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Origin of Nigerian Foods: Ofada Rice

Amongst the Yoruba, food is a vital aspect of their culture.  It is a symbol of hospitality and social status. It is believed to nourish and bind families together. Food consumption is both a basic necessity and a learned behaviour of comportment. Early in childhood, tastes are acquired from shared collective values about what is good and suitable to eat. Thus, from Gbegiri and Amala to Ijebu garri and even Ofada rice, food is to the Yoruba, a constant reminder of who they are and where they come from.

Just like Abakiliki and Anambra rice grown in parts of South-Eastern Nigeria, Ofada rice is the type of local rice grown in most parts of South-Western Nigeria. This rice derives its name from Ofada, a small community located in the Obafemi Owode Local Government Area of Ogun State where it was first cultivated. Ofada rice is believed to have been introduced by veterans returning from the First World War. The time of the first cultivation of this rice is believed to be 1940.

Ofada rice is upland rice grown on free-draining soils where the water table is permanently below the roots of the rice plant. It is short, unrefined and burgundy striped. This rice is cultivated without chemicals. After harvesting, it is left to soak in water for five to seven days, before it is parboiled, sun-dried and sold or stored in airtight container for family use. The fact that this rice is unrefined makes it nutritionally superior to white rice. It allegedly has about twice the fibre content of white rice. This makes it a perfect meal for the health conscious. But one annoying inconvenience in cooking Ofada rice is, as it is with other types of local rice, the presence of stones. Destoning the rice requires painstaking attention. Anything less will result in an unpalatable meal of rice interspersed with stones.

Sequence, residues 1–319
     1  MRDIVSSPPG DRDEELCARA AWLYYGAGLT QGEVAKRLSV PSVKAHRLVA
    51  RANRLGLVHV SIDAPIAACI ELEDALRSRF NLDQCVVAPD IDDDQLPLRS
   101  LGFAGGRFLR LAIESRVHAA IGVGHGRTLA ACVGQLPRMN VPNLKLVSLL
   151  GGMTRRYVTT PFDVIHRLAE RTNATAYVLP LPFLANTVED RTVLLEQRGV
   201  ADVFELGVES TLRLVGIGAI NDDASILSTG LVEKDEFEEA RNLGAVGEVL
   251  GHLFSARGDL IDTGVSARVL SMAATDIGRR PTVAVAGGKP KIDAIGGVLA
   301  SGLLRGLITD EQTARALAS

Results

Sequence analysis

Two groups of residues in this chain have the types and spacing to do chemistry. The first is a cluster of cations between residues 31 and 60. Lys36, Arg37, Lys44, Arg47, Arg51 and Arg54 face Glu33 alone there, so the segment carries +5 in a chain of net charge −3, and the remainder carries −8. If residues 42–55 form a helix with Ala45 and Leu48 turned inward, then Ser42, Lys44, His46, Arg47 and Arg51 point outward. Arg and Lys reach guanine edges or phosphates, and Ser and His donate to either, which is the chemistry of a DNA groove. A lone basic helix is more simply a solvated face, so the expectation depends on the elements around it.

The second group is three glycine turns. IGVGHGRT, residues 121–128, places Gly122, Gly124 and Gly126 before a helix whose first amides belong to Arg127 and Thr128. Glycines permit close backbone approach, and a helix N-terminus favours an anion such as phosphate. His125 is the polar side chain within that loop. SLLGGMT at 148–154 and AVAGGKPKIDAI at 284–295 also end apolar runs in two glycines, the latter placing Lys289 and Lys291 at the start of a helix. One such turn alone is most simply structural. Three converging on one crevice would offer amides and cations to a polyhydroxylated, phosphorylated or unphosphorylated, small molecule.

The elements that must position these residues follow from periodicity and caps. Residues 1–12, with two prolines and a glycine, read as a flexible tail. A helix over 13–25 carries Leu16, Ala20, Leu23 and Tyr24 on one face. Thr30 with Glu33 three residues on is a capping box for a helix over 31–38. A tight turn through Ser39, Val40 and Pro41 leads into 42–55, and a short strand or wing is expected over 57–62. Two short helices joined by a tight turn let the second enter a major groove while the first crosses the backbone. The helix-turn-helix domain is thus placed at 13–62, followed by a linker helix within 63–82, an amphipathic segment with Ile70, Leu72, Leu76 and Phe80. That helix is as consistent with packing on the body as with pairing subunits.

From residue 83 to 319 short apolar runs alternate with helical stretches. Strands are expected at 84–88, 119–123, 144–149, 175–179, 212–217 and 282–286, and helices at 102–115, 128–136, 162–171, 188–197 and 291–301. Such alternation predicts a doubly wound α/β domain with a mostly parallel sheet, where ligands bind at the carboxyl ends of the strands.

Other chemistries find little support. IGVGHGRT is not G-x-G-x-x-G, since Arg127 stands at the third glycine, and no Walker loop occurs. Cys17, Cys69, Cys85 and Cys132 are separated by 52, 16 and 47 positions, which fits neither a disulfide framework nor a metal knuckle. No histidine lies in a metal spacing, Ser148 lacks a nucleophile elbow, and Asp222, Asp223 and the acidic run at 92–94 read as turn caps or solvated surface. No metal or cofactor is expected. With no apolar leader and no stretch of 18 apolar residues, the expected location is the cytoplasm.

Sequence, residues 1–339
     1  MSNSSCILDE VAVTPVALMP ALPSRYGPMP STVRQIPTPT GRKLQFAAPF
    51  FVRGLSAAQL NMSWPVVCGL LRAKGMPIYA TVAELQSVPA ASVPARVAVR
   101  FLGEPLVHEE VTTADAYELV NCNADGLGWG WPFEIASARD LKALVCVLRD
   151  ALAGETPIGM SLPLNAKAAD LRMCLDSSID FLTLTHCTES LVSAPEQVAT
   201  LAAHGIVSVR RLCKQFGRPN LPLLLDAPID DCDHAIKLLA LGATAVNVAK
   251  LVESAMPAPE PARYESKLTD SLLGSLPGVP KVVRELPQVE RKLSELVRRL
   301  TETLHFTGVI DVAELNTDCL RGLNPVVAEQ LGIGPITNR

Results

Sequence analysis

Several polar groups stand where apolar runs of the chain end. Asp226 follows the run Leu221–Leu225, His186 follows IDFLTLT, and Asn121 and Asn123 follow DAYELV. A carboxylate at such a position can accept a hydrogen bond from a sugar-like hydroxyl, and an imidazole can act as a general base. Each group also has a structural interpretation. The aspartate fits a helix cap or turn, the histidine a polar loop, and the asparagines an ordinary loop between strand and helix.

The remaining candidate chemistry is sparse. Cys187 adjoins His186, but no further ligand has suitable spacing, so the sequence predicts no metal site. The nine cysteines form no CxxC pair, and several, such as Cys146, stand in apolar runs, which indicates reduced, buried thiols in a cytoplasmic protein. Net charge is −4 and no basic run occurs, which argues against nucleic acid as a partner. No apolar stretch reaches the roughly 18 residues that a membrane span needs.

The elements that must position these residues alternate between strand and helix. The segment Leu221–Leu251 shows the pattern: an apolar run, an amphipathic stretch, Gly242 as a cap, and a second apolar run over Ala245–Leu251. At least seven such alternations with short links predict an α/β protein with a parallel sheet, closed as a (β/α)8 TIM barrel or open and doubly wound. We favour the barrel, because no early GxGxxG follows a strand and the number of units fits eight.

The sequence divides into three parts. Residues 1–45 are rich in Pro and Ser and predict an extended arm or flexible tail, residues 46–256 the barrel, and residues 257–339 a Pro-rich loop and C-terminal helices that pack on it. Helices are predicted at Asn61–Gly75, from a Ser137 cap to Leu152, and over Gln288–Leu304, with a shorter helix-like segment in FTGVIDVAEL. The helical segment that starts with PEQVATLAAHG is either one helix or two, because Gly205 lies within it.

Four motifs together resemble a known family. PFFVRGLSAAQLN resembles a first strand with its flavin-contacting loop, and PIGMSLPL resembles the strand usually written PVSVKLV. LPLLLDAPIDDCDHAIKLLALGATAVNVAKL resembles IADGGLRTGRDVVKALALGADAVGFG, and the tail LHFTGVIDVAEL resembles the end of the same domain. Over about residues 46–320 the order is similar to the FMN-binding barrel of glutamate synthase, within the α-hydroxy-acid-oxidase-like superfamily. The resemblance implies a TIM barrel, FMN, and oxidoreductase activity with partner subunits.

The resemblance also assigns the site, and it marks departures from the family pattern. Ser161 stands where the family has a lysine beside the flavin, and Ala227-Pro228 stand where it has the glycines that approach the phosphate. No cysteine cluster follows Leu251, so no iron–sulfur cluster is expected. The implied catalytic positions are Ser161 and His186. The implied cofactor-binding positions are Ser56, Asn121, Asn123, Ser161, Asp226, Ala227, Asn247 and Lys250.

Ofada rice is mostly consumed as parboiled white rice. This food emits a unique aroma but it is not the most attractive meal on the buffet. The perfect sauce for this rice is Ayamase sauce. This food is traditionally served in a plate lined with uma leaves.


O. O. Adekoyeni, S. A. Fagbemi and A. R. Ismaila, “Ofada Rice Identity, Physical Qualities and Processing Technology Options for Upgrading: A Review,” Annual Research and Review in Biology, 23 (2), 2018.

Emma Thrussell, “A Recipe for Identity: Food and Culture in Oaxaca, Mexico,” A Thesis Submitted for the degree of Doctor of Philosophy, Discipline of Anthropology, University of Adelaide, 2015.

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Obiamaka Angela Udevi

Udevi, Obiamaka Angela holds a Master of Arts degree in History & International Studies. She's a freelance writer with a passion for food and healthy living. She can be contacted through her email address,

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